Han Fellowship and the Dog Bite
What a unique title that totally summarizes the last few weeks of my life. So grab a cup of coffee (or tea) and enjoy the saga.
First let me describe the idea of Han Fellowship before I weave the story of how the dog bite put an interesting chapter in this story.
A few years ago my husband was diagnosed with COPD. His health is slowly declining while the lack of oxygen affects his brain. Lump these things together and I find myself caring for him, running the house, raising the kids, and juggling all the details that life requires.
But this slow process of becoming a caregiver has given me a glimpse into the struggles my friends are facing as widows. Our loses look different but the similarities of grieving the loss of our husbands binds our hearts.
While we are grieving and battling the changes that death and illness bring into our lives; we cling to hope. This grief and hope is the tip of the ice berg for understanding the Korean word Han. Have you ever experienced a situation where you cried and laughed at the same time? Not tears of joy but tears of grief.
There is an episode of West Wing (season 5, episode 92) where a North Korean pianist wants to defect. At the end of the episode President Bartlet says of Han, “There is no literal English translation. It’s a state of mind. Of soul, really. A sadness, a sadness so deep no tears will come. And yet still there is hope.”
A few weeks ago I asked to start a small group for widows and caregivers at my church. I met with an elder to discuss the details and help me flesh out what I was really looking to accomplish. Thus I chose the name Han Fellowship as the group name.
My heart’s desire is to form a group where women can share about their feelings and share in the struggles of grieving the loss of a spouse. A place where we can remind each that we are not alone; there is hope. Maybe laugh over a few things too. Humor is great medicine.
So I have reserved a room at the church for the first Thursday of every month. In the morning we can meet over coffee and tea and share a devotion. During fellowship we can share with each other anything from a story about our spouses to discussing help with car repairs.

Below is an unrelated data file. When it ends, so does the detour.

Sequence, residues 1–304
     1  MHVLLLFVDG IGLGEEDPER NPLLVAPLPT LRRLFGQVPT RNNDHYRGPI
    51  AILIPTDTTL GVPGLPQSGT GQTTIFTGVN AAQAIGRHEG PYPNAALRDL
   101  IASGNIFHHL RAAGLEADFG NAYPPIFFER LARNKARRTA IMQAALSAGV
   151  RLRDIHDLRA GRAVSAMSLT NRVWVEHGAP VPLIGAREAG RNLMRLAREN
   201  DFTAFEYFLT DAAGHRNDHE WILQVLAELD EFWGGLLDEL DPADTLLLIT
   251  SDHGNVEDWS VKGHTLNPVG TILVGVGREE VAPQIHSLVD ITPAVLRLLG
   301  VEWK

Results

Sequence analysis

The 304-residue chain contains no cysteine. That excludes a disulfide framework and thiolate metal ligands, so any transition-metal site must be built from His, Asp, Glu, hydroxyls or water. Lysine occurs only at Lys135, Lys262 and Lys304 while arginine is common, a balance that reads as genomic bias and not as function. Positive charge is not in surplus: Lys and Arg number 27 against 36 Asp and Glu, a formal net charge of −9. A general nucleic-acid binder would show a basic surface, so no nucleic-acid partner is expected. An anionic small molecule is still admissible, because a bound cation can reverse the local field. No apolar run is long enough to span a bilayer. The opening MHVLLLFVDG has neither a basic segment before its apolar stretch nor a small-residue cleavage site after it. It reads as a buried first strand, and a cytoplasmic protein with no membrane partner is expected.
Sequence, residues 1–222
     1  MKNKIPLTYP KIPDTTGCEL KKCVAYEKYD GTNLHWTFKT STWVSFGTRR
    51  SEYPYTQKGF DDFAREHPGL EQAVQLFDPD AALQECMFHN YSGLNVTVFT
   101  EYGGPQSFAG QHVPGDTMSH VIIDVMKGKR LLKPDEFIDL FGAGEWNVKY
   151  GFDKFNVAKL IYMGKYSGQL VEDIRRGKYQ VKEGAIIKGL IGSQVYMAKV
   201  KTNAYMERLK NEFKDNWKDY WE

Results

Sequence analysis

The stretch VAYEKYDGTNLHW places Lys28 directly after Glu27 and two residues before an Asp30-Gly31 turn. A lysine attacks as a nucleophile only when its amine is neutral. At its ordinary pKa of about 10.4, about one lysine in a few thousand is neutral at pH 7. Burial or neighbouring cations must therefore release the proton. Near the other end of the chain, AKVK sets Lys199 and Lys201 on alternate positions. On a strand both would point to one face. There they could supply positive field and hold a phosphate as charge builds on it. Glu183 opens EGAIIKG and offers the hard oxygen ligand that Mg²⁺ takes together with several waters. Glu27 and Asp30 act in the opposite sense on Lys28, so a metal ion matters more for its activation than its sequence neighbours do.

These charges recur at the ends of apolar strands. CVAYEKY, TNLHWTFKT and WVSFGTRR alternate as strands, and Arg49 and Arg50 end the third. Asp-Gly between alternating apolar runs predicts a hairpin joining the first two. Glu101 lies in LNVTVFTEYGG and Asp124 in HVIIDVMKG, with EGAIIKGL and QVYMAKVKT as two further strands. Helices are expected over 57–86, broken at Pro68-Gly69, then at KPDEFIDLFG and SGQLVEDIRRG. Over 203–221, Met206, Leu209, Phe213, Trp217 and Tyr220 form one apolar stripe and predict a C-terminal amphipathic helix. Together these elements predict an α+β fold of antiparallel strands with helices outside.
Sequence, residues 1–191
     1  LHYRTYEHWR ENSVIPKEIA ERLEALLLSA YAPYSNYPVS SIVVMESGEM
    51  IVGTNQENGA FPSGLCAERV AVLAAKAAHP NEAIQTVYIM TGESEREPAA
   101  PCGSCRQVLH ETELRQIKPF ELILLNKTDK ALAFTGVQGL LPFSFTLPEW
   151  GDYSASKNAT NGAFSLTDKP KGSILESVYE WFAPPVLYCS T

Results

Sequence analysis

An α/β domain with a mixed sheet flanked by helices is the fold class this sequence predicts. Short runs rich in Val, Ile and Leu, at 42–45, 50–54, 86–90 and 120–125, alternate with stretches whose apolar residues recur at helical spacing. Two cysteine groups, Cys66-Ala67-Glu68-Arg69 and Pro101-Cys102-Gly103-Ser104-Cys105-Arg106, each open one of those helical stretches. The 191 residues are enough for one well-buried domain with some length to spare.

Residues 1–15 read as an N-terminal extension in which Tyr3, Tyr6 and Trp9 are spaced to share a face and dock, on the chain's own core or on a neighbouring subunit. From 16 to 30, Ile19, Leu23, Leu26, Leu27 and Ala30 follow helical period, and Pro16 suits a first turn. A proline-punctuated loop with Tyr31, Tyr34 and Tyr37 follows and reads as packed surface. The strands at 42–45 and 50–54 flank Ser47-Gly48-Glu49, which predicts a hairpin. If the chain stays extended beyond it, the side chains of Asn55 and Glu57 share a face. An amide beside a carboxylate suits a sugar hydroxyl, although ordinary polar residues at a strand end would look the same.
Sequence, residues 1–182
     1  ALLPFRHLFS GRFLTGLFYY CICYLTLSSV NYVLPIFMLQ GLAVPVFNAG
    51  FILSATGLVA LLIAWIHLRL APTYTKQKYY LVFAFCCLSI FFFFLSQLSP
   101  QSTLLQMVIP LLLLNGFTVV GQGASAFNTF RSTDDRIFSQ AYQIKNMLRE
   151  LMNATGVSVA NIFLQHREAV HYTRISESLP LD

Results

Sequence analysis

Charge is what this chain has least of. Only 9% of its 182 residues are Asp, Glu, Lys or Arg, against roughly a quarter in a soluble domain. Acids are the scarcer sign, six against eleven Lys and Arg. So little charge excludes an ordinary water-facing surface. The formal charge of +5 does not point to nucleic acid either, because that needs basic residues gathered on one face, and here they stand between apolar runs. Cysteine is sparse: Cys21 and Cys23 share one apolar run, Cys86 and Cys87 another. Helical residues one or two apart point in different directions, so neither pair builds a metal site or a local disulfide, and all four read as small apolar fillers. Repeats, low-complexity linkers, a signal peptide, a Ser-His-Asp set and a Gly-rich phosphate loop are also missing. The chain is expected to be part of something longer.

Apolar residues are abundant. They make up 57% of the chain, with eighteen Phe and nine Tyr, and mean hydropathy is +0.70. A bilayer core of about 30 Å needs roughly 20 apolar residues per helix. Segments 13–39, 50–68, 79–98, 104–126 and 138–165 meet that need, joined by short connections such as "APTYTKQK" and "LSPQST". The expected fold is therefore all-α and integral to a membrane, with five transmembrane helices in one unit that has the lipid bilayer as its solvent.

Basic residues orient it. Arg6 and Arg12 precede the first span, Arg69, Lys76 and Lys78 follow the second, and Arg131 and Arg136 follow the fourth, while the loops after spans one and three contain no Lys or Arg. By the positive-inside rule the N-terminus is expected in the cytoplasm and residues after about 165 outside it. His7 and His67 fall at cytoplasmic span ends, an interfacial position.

While I was in the process of organizing this group I found myself in a pet store buying bunny supplies for the new bunny in our family. Sometimes a new pet helps my people heal. Yes, I might even call her our therapy bunny since she is so calming to cuddle.
When I was standing in line a women with a German Shepherd was in front of me. Her dog seemed curious about my bunny supplies so I smiled and thought oh he wants to stiff the bedding and in the very next moment the dog bit me twice on the hand. It took me a few minutes to even realize what had happened. Immediately a huge hematoma formed on my hand.
I was in shock and was struggling to not pass out, which I often do at the site of blood. The vet in the store came over and gave me a cloth and ice pack to help. Information was shared and medical advice given. Then the vet shared with me that dog had just lost his owner. The women had just lost her husband 2 weeks ago and she and the dog were both grieving. He had had cancer and they only knew about the cancer 5 weeks before before he died.
In my mind I could just not believe I had been bitten by a grieving dog. I told the vet I understood and left the store. I later went back with a sympathy card containing a letter explaining the new group I was starting and invited the woman to attend.
My friends keep telling me that sending out flyers is an easier way to invite people but my life did not come with an easy button.
While I think I am the last person to attempt to organize and facilitate a group my heart knows that it heals best in reaching out and helping others.